Since I’ve been getting a lot of questions about JMO recruiting, I think it’s about time I shared my experiences working with Cameron Brooks.
The whole experience is a carefully scripted drama, they need you, you need them, they don’t want you to go to grad school, you are secretly applying to grad schools, etc. The bottom line is, firms like Cameron Brooks get paid (roughly $10,000 according to my sources) per candidate that they successfully source to Corporate America. So from purely an incentives point of view, they are financially incented to make sure that you go to one of the companies that recruit from them.
That being said, I still believe JMO recruiting companies provide significant value. Recently separated or transitioning veterans are no different from recent college grads, probably even worse. Recent college grads can afford to experiment with a few different jobs and career paths until they find the one they want. Transitioning veterans don’t have that luxury. That’s where the JMO recruiting companies come in. They point out a few books you should read and try to give you a general sense of what the major grouping of careers are like: sales, manufacturing, consulting, operations, etc.
In addition, as a veteran candidate, there are no other way you can possibly meet and interview with so many Fortune 500 (more often Fortune 100) companies within a 48 hour span. Companies like Cameron Brooks (CB) have been helping veterans get jobs for a long time and a lot of CB alumni come back to CB to hire other veterans. I really admire this business model as veteran candidates don’t have to actually pay for anything, besides the ticket and hotel to the hiring conference.
On the flip side, I don’t think most JMO recruiters can really articulate why you need or don’t need an MBA. Mostly, they just tell you not to do it for obvious reasons. In my opinion, getting an MBA (or other graduate degree) and getting a job through a JMO recruiter are equally good. It really depends on what you want to do. For example, if you want to get into finance (Wall Street finance, not Johnson and Johnson corporate finance), you definitely need to get a MBA from a top-10/15 business school. Also, some top companies don’t use JMO recruiters – like Amazon, Booz Allen Hamilton, Deloitte, etc. Some companies only hire MBAs – McKinsey, Boston Consulting Group, etc. You would have to apply directly to them. However, if your ambitions do not lie in entrepreneurship, finance, or a specific company like Amazon or McKinsey, then I wouldn’t even say you really need an MBA.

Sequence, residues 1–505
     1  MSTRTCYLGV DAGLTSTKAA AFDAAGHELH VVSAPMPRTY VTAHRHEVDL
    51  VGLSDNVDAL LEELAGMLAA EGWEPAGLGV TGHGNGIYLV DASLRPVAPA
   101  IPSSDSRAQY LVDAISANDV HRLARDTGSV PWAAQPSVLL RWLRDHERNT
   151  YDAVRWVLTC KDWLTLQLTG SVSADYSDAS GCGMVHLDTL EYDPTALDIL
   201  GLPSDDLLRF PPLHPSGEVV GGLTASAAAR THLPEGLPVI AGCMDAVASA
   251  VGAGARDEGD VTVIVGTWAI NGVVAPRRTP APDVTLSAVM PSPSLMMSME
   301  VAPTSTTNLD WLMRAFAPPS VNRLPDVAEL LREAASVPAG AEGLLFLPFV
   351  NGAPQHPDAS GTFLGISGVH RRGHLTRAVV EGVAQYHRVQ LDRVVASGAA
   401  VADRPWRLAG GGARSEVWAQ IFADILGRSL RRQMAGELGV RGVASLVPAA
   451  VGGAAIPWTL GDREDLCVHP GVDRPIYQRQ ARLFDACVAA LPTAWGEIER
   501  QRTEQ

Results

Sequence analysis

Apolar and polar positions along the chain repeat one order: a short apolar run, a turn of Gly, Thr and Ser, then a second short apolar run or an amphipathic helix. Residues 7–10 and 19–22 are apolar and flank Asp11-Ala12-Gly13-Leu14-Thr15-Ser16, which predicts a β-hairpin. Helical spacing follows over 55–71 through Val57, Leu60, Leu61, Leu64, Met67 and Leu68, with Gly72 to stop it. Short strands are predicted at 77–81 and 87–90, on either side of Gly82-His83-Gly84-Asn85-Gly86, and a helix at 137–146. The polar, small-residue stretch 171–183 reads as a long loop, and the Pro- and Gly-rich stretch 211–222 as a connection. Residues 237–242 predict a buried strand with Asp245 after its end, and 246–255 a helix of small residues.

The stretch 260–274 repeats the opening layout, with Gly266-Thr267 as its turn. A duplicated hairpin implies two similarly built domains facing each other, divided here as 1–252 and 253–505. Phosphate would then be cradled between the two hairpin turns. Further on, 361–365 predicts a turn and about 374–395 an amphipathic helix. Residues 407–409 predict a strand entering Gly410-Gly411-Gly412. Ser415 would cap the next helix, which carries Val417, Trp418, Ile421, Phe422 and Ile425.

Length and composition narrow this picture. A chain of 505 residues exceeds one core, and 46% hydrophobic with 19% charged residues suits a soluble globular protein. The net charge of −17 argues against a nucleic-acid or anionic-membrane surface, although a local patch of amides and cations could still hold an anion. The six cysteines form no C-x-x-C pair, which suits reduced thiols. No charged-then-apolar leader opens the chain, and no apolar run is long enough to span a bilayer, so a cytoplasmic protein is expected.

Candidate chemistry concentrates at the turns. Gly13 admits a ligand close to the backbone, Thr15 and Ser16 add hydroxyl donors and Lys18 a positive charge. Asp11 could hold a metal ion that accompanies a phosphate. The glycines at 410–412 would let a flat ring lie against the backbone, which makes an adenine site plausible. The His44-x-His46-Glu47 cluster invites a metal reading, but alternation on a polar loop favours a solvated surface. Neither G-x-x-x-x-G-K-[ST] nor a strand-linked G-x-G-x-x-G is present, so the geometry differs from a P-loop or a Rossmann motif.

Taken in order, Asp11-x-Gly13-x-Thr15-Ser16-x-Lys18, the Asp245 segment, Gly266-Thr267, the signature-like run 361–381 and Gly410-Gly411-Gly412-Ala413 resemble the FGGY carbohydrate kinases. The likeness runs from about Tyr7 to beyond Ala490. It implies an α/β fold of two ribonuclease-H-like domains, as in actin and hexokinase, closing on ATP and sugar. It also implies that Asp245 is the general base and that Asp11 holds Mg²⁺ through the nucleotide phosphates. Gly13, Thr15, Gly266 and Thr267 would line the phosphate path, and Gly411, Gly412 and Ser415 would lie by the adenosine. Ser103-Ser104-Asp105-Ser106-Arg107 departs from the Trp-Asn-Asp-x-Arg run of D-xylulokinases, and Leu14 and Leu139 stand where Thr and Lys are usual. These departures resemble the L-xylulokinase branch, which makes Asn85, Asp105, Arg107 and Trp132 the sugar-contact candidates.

If all goes well, you find out that you really like the company you are in and you really like the work you are doing, then you can start building a reputation and move up the ranks. You can do an Executive MBA later on in your career. Statistically speaking (or more accurately, anecdotally speaking), the veterans that I have spoken to generally dislike their companies and/or industries. I believe this issue is systemic, and the problem lies with the fact that JMOs typically get more leadership experiences than a typical 25-30 year old would get, and there are few, if any, civilian jobs that can replicate that. Every JMO I have met, MBA or not, have complained about the decrease in executive leadership power. That is because true executive power lies more down the road, in higher positions.
The true issue at hand is veterans not acknowledging the gap between in their capabilities and the lack of jobs that require such capabilities post separation.
In conclusion, going with a JMO recruiter vs. a MBA post-MBA isn’t going to materially alter your ultimate long-term plan. If anything, you can get a MBA after getting 1-2 years of experience, although this will probably lead into a discussion on how business schools view veterans with corporate experience. The hardest part of the whole transition process is figuring out what you really want to do in life. I’ve been out of the Army for 18 months and I’m still struggling with the “right” answer and my answer is that I think you should get away from it all for a month and do some serious self-reflection. The major issue with the increased op-tempo due to war is that company, battalion, and brigade commanders don’t have enough time to reflect upon what they did well and what they could improve on. Most veterans jump straight into an MBA or a corporate job after separation. I think it takes time to process what you have gone through, to figure out where you want to go, and how to get there.